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Dual Purpose

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My perspective on the Tools has changed, and I’ve been reflecting on why that’s happened.

When I first worked the Steps with my sponsor, I realized that the Steps were what would bring recovery. But I also learned that I needed to look after my spiritual condition lest I be enticed by food. Whenever I had a food thought— and they were constant—I assumed there must be something wrong with me spiritually. So I used all the Tools every day, like a maniac, and they were so helpful in combating food thoughts and cravings.

Today, I’m not fighting anymore. I no longer have food thoughts, but it’s not because I’m a spiritual saint. I often have things in my nightly inventory for which I need to ask forgiveness and take corrective action. It was when I eliminated all forms of sugar, flour, and wheat and detoxed for 10 days, that I found I could walk into a grocery store and buy my hubby’s foods without hearing them call to me.

I still use the Tools, but now I use them as part of my daily Step work:

Writing. I write a Tenth Step inventory every night, email my sponsees, and post to online recovery groups to carry the message.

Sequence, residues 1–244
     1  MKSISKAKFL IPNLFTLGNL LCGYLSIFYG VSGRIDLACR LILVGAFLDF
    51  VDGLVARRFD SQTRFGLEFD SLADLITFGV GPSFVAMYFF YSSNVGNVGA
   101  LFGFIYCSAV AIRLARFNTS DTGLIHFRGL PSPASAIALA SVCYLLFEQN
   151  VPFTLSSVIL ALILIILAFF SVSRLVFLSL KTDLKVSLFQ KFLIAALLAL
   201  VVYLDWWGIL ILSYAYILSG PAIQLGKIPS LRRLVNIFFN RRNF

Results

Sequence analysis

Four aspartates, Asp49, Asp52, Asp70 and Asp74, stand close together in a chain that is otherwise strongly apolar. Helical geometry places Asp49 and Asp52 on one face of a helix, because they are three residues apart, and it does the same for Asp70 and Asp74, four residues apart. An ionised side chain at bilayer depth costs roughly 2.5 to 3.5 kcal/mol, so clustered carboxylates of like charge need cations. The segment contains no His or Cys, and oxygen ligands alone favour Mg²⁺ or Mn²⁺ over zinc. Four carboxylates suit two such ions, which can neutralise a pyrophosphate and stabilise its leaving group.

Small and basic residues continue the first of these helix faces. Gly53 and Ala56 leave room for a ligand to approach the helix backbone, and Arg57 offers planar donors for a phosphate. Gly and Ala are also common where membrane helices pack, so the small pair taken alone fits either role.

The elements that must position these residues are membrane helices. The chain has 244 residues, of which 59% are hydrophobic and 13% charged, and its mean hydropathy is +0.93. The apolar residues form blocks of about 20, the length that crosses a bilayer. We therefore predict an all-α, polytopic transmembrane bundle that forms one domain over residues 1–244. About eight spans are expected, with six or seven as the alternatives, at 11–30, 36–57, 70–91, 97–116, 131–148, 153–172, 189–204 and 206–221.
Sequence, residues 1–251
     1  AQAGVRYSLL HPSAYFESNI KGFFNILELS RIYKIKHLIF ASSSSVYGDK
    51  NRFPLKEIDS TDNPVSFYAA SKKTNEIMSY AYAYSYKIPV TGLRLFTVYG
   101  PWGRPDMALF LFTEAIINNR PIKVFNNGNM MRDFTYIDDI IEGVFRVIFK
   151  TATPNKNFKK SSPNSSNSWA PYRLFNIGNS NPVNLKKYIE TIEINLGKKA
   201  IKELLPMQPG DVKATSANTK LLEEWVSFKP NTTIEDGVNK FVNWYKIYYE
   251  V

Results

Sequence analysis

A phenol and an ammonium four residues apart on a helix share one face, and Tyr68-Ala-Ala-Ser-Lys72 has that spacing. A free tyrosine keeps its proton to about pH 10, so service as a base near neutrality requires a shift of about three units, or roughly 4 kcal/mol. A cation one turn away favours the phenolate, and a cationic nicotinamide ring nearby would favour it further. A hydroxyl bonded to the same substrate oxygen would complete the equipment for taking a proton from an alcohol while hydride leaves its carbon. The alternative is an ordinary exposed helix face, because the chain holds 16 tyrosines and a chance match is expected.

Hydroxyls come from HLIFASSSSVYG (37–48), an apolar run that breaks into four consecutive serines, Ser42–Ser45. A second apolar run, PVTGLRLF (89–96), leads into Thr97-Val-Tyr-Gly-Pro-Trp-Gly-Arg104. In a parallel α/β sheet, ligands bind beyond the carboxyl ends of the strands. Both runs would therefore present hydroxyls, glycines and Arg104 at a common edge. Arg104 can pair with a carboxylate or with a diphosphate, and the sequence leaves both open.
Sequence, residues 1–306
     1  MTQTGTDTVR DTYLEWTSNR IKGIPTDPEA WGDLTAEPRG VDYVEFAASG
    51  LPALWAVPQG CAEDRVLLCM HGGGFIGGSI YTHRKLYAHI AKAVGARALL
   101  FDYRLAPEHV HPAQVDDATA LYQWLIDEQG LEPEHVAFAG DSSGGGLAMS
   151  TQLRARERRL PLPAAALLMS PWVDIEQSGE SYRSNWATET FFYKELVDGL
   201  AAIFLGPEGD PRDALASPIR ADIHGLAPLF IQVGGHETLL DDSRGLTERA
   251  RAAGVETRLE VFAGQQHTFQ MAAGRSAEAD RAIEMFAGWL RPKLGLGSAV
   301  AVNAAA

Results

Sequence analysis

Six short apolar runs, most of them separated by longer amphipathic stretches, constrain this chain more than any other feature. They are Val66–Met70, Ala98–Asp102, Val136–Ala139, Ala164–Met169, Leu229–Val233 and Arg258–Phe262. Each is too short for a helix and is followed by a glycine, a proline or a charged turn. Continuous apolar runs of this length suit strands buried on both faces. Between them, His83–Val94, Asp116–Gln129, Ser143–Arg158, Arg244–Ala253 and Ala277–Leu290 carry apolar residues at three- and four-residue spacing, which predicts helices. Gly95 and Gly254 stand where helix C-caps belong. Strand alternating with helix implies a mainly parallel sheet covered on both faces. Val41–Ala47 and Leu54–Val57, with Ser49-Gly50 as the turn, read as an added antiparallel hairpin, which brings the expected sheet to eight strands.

Literature. I read my AA Big Book every night to study the Twelfth Step message that I’m carrying. I refer to it often to look for answers for sponsees who are at various points in their Step work.

Sponsorship. I read my Tenth Step review to my sponsor every night and listen to or read my sponsees’ Tenth Step reviews, provide feedback, and discuss other Step work they’re doing.

Plan of Eating. I said in my plan I wanted to stop addictive eating for good and that I was willing to go to any lengths for victory over food. In Step Three, I turned my will and my life over to the care of God, including my food plan, which eliminates my addictive substances. In my Step Eleven morning meditation, I ask God to direct my thinking, remind myself that God is in charge, and remind myself to pray before making any food decisions.

Telephone. Besides using the phone to do the sponsorship work mentioned above, I use it to make any amends that result from my nightly inventory.

Service. I work with others to carry the message but also look for what I can bring to, rather than get from, a meeting or other occasion. In my nightly inventory I ask, “What have I done for others?” and “What could I have done better?” This often involves showing more love to my husband, which gets the least applause from others and is therefore hardest to do.

Anonymity. I pray for knowledge of God’s will for me and the power to carry that out. This gets me out of myself, especially when I do service without getting recognition.

Meetings. I go to home group meetings to study what the message is and share my experience, strength, and hope. I also participate in online and phone meetings.

— Tasha R., Fairborn, Ohio USA


Take your study of the Tools even further. Listen to our many podcasts about the Tools found at oa.org/podcasts and download the abridged Tools of Recovery at oa.org/documents under “Literature.

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